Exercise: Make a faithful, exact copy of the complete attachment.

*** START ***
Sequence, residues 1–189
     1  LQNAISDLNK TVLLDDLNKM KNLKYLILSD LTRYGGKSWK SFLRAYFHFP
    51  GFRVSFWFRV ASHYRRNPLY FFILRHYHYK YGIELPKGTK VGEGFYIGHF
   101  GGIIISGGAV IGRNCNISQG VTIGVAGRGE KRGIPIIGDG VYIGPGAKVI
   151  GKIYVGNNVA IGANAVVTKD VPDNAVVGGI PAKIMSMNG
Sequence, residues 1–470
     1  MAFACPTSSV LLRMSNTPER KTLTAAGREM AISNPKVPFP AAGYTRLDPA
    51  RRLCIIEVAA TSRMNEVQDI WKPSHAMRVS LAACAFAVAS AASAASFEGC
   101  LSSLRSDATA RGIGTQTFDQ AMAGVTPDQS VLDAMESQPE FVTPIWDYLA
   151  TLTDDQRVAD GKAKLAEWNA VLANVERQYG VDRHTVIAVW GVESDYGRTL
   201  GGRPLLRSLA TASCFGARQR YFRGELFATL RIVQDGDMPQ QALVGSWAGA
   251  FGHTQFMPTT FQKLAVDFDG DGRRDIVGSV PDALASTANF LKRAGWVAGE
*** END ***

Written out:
Sequence, residues 1–189
     1  LQNAISDLNK TVLLDDLNKM KNLKYLILSD LTRYGGKSWK SFLRAYFHFP
    51  GFRVSFWFRV ASHYRRNPLY FFILRHYHYK YGIELPKGTK VGEGFYIGHF
   101  GGIIISGGAV IGRNCNISQG VTIGVAGRGE KRGIPIIGDG VYIGPGAKVI
   151  GKIYVGNNVA IGANAVVTKD VPDNAVVGGI PAKIMSMNG
Sequence, residues 1–470
     1  MAFACPTSSV LLRMSNTPER KTLTAAGREM AISNPKVPFP AAGYTRLDPA
    51  RRLCIIEVAA TSRMNEVQDI WKPSHAMRVS LAACAFAVAS AASAASFEGC
   101  LSSLRSDATA RGIGTQTFDQ AMAGVTPDQS VLDAMESQPE FVTPIWDYLA
   151  TLTDDQRVAD GKAKLAEWNA VLANVERQYG VDRHTVIAVW GVESDYGRTL
   201  GGRPLLRSLA TASCFGARQR YFRGELFATL RIVQDGDMPQ QALVGSWAGA
   251  FGHTQFMPTT FQKLAVDFDG DGRRDIVGSV PDALASTANF LKRAGWVAGE